One Man shows he is a real champion
Those who had doubted the enigmatic grey One Man left Cheltenham last night with the taste of crow in their mouths after the dual King George winner had paralysed the opposition with a fantastic front-running performance in the Queen Mother Champion Chase.
After puncturing like a pricked balloon in two Gold Cups, One Man had been condemned as a talented dilettante who folded when put under pressure but now we know better: his class allowed him last over extreme distances for so long but not enough to win a Gold Cup.
Back over two miles, One Man cut out the running under Cork-born rider Brian Harding and once Ask Tom and the disappointing Irish hope Klairon Davis began to struggle, One Man had more than enough petrol and gusto to tackle the final hill. For Harding (25), from Castletownroche, Co Cork, it was a wonderfully unlikely result.
He only learned he could be riding One Man on Tuesday evening after One Man's intended jockey Tony Dobbin broke a thumb in the Arkle Trophy. Even then he believed Paul Carberry would be ahead of him in the substitutes list. "It was great of Mr (Gordon) Richards to let me ride him but then he has always stood by me and the horse," a delighted Harding said.
Harding was controversially banned from race riding by the Jockey Club for almost a year following a serious head injury and only returned late last year. Harding admitted to thinking of giving up completely during that dark time, but the son of trainer Jonjo Harding, the man who broke the legendary Dawn Run, said yesterday:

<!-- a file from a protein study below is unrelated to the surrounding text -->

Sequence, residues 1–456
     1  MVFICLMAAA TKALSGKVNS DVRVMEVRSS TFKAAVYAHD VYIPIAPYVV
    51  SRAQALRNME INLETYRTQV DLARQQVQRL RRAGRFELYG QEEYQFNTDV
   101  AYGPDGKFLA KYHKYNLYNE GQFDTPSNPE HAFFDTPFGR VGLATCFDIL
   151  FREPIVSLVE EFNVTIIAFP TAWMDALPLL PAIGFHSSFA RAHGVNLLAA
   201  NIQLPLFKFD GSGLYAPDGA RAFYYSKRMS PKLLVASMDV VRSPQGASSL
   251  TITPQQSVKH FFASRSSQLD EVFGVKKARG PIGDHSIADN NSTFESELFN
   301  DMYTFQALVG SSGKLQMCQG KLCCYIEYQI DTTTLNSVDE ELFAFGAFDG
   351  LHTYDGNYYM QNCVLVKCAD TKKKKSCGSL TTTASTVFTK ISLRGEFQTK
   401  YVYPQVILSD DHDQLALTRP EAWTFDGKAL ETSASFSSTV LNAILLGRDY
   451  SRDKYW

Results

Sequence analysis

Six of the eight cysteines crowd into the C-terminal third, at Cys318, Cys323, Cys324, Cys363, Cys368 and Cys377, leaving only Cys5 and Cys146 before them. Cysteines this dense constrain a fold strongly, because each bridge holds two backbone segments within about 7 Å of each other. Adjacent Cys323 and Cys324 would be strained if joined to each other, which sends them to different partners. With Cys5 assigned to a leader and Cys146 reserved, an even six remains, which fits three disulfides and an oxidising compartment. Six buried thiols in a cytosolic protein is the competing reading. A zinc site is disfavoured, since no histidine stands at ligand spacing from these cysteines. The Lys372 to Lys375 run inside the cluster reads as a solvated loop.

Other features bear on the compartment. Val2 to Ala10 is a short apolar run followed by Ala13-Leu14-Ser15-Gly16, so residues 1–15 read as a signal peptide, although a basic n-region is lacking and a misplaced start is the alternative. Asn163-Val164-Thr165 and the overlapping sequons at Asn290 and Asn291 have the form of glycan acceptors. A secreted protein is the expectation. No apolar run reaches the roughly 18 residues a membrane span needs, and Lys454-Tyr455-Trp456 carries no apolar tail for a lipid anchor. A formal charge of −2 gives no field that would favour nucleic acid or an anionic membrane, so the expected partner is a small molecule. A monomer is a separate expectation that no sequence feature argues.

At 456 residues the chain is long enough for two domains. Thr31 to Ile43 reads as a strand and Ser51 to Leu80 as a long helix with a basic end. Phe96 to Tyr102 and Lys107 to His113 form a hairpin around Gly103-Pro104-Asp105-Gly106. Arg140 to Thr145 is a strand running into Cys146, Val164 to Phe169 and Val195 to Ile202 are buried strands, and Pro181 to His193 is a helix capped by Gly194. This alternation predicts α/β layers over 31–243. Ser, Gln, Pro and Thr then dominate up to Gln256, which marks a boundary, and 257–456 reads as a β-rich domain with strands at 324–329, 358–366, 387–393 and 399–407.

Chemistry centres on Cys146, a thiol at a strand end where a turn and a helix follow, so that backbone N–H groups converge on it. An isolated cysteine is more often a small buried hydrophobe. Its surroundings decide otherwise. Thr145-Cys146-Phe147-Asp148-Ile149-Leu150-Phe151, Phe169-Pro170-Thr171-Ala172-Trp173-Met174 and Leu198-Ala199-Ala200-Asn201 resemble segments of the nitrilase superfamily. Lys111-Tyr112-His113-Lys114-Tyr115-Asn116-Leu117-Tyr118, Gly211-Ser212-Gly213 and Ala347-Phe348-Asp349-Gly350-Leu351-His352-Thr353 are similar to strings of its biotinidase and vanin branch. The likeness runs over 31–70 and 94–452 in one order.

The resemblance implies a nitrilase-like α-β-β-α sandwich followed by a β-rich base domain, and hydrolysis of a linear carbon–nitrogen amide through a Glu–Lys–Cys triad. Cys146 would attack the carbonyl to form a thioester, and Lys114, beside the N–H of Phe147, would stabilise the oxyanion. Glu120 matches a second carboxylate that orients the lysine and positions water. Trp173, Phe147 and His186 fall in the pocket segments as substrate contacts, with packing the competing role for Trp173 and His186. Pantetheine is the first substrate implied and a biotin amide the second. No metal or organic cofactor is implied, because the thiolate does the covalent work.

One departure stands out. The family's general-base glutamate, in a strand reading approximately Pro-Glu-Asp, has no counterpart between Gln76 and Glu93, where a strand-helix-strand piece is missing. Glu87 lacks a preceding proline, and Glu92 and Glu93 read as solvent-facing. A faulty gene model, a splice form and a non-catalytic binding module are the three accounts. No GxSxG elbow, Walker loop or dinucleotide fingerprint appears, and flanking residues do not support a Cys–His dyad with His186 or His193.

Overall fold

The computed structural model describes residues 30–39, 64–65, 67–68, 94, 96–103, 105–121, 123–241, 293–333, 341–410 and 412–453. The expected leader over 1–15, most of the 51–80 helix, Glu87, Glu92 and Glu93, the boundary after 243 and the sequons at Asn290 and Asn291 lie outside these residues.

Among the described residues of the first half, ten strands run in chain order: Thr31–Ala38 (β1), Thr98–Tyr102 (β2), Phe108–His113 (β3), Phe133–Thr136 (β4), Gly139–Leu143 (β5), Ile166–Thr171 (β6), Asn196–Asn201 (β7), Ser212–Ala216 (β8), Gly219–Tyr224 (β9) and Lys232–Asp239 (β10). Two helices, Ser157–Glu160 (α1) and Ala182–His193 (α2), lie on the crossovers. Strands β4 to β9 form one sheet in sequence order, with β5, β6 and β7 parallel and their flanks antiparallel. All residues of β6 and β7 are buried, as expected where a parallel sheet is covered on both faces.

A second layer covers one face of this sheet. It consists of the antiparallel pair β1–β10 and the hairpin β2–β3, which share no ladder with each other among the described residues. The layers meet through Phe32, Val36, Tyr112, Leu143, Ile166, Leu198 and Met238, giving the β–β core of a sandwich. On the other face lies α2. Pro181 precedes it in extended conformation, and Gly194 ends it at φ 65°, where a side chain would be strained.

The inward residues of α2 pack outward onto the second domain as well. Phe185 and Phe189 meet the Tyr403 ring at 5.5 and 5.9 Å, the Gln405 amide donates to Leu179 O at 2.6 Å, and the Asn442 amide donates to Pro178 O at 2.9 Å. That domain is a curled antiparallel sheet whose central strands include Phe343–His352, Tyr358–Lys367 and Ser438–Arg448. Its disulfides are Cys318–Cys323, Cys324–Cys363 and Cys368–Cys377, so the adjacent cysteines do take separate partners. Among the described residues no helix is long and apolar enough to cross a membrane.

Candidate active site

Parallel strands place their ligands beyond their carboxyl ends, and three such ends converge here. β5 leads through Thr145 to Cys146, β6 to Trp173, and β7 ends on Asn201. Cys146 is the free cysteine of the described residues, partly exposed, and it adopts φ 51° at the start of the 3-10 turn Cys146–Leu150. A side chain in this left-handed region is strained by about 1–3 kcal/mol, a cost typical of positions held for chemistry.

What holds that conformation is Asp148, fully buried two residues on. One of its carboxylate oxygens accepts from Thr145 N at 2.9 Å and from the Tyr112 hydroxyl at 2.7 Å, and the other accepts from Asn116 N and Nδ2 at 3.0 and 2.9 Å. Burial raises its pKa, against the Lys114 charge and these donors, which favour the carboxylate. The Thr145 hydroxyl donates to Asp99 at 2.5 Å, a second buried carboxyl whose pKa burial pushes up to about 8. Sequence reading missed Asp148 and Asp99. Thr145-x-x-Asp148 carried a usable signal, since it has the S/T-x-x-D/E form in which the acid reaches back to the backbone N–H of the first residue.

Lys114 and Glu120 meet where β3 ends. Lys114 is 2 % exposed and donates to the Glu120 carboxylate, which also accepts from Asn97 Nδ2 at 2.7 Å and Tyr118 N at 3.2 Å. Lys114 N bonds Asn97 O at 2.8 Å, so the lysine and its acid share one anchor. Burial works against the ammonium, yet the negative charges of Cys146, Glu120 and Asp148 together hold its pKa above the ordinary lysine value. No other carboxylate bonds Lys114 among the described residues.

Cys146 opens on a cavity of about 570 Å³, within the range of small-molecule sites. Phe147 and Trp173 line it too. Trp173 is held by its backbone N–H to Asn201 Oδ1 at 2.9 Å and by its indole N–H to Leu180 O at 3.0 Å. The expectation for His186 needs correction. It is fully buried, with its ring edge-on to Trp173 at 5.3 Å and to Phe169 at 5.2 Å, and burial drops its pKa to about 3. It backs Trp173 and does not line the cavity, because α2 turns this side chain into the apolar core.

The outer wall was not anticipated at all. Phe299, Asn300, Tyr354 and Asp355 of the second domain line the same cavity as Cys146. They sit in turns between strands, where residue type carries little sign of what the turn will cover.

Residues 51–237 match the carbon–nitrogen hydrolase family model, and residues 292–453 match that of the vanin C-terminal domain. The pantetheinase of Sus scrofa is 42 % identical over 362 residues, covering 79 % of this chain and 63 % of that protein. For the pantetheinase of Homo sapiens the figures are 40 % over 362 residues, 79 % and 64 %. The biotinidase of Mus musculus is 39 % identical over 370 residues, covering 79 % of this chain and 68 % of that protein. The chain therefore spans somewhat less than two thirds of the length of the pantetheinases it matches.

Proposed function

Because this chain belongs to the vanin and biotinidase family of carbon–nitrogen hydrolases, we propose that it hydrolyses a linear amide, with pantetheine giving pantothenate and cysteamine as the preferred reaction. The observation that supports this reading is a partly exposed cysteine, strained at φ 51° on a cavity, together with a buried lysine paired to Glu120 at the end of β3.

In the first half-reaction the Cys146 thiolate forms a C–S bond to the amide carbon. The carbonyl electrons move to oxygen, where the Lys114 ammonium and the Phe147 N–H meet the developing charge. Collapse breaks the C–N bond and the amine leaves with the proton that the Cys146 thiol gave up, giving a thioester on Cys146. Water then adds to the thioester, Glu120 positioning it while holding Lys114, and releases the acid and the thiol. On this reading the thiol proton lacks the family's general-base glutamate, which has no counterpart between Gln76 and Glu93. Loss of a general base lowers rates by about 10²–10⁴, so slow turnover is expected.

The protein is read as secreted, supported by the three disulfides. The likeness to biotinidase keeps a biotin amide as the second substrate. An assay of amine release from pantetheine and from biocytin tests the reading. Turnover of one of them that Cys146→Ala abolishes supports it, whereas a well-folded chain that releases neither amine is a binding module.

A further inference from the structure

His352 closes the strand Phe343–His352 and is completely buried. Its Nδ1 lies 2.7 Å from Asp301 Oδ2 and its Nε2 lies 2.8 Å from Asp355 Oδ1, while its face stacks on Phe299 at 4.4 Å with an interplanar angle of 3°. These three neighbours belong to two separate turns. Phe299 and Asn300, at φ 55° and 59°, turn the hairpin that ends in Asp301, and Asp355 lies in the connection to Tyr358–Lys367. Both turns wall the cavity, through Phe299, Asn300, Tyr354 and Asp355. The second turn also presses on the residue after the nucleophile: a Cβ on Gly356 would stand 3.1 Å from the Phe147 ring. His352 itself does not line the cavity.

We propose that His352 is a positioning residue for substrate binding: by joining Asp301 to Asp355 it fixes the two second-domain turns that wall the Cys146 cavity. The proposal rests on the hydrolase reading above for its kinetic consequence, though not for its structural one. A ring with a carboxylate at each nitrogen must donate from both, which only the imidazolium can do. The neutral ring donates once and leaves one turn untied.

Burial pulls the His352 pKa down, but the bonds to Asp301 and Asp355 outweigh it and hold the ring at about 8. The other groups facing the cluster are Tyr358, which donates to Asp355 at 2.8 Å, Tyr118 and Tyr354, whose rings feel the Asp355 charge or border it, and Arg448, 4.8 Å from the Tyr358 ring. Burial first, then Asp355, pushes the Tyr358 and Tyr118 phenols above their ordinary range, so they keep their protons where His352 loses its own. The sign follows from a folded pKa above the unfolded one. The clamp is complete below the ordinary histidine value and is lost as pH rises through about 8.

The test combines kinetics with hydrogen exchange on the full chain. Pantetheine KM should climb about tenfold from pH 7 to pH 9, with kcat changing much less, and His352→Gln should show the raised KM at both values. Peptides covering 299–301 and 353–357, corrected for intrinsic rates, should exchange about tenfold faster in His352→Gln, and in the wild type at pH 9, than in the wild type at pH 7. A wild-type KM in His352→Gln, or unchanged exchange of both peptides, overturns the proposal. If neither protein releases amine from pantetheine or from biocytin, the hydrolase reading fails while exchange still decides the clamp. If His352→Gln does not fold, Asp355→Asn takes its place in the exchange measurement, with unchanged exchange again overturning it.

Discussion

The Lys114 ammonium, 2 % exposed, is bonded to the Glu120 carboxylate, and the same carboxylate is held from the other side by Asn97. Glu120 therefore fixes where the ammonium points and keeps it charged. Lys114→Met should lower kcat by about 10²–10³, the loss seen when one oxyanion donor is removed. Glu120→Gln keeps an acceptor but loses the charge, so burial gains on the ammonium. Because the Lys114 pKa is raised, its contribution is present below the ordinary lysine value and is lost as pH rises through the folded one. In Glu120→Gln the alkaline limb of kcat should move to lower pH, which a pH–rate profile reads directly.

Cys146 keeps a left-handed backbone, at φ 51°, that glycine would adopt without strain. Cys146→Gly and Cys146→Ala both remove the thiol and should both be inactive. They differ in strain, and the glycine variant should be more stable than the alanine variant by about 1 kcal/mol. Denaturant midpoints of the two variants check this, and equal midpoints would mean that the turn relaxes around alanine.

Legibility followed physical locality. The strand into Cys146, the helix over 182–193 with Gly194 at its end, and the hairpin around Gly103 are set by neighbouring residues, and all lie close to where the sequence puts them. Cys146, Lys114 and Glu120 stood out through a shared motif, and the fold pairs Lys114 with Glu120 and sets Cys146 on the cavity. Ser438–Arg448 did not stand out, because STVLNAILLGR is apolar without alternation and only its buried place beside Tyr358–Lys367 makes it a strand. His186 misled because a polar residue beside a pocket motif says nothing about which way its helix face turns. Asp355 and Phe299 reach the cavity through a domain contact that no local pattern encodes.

"It hasn't sunk in yet. This is the pinnacle of my career. Tony Dobbin was the first to ring me and tell me how to ride the horse but I'm very sad for him. Racing is all about swings and roundabouts. I'd be watching on telly if I wasn't here today."
Klairon Davis made mistakes at the water and the third last but was never travelling like a winner under Richard Dunwoody, who gave up the ride on One Man last month. "In this class, he probably needs more cut in the ground. At one stage I thought he was going to be tailed off but he galloped on to be fourth. The mistake at the third last finished him but he'll be back for Punchestown," said Klairon Davis's trainer Arthur Moore.
Punchestown could also be a target for the giant French Holly, who turned the Royal & Sun Alliance Hurdle into a 14-length procession for Wexford-born trainer Ferdy Murphy and Dublin owner Kieran Flood. Murphy had been tempted to run French Holly in the Champion Hurdle but a conversation with Istabraq's jockey, Charlie Swan, convinced him to take the novice option.
"I went to a race night in Ireland and spoke to Charlie there who told me exactly what did happen with Istabraq. Charlie is a real gentleman, I have known him since I worked for his father, and I trust him completely, so I rang Kieran Flood to tell him we should go for this race," Murphy said.
Cloone Bridge finished third for Swan in this race and delighted trainer Aidan O'Brien, but the Coral Cup provided real frustration for the visitors, with four of the first five home. Unfortunately they were behind the winner, Top Cees, the horse at the centre of the recent controversial libel trial between trainer Lynda Ramsden and the Sporting Life. Some boos greeted Top Cees' return but Mrs Ramsden held her cool, even when some wags started chanting "Tommo, Tommo" in reference to the television commentator Derek Thompson.
The Arkle colours were victorious in the National Hunt Chase, where the 19th claimed the favourite Farfadet V, and another Cork rider Norman Williamson rode his sixth festival winner on Super Coin in the Mildmay Of Flete.